Banks have paid over £300m in redress to businesses who were missold interest rate swap products, official FCA figures show.
The regulator first raised concerns about the ways banks sold interest rate swaps in June 2012. The FCA carried out a review of 173 sales of interest rate swaps and found that over 90 per cent did not comply with regulatory rules.
As a result the banks agreed to review the sale of interest rate swaps, which are designed to protect consumers against increases in interest rates. Over 30,000 sales are being reviewed, covering sales dating back to 2001.
The latest figures from the regulator show total redress payouts reached £306.3m at the end of January, with 2,092 redress offers accepted.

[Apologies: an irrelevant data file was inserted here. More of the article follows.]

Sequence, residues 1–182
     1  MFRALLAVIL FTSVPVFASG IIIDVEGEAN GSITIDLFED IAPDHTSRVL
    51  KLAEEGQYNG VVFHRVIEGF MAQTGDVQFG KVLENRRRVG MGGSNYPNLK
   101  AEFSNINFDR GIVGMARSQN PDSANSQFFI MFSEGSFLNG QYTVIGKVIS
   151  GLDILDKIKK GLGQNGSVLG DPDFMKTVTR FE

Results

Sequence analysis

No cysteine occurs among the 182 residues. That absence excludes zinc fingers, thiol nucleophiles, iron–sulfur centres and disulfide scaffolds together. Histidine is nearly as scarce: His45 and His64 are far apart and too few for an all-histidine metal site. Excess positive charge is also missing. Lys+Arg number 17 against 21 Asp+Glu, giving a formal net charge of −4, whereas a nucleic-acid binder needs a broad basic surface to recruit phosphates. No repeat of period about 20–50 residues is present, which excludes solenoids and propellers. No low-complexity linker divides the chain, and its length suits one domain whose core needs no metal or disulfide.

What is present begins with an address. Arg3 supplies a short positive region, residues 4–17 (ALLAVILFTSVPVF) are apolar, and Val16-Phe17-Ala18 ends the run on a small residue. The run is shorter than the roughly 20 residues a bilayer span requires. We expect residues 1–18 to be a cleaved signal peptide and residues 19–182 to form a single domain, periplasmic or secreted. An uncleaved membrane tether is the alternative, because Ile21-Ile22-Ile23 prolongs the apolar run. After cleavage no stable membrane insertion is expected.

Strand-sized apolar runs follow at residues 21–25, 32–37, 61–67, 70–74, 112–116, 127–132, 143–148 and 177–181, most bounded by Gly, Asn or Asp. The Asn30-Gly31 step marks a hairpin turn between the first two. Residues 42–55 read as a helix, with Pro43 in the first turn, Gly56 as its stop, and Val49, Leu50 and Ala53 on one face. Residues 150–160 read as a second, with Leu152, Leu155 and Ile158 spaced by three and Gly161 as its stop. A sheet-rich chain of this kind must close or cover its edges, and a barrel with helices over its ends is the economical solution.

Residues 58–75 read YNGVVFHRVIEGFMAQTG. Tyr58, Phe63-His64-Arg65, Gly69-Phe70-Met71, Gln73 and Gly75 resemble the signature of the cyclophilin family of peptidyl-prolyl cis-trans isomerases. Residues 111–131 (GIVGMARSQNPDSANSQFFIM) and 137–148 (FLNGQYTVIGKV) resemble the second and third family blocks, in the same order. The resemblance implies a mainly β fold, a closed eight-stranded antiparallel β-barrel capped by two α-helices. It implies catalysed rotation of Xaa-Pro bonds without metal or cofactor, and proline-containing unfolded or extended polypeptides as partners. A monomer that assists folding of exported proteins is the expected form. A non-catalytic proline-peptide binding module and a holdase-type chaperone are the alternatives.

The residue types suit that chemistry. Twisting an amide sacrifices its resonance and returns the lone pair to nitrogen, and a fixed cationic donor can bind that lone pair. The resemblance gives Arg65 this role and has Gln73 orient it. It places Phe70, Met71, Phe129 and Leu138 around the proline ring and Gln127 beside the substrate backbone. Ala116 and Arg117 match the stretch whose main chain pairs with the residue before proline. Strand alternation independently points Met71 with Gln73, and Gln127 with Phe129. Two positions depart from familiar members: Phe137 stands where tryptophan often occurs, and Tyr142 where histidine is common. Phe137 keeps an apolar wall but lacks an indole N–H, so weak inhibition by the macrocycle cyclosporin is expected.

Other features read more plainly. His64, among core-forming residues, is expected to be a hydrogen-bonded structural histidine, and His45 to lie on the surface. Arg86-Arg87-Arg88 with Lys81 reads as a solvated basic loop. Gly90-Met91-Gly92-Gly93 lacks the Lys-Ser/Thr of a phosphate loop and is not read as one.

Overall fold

FCA director of supervision Clive Adamson (pictured) says: “Redress is now rapidly flowing to small businesses. However, our focus will remain on ensuring that during the decision process affected business owners are treated fairly and that banks remain on course to get their initial offers of compensation out by the end of May.”
The banks involved in the interest rate swap review are Barclays, HSBC, Lloyds Banking Group, Royal Bank of Scotland, Santander, Clydesdale and Yorkshire Banks, Co-op Bank, Allied Irish Bank and Bank of Ireland.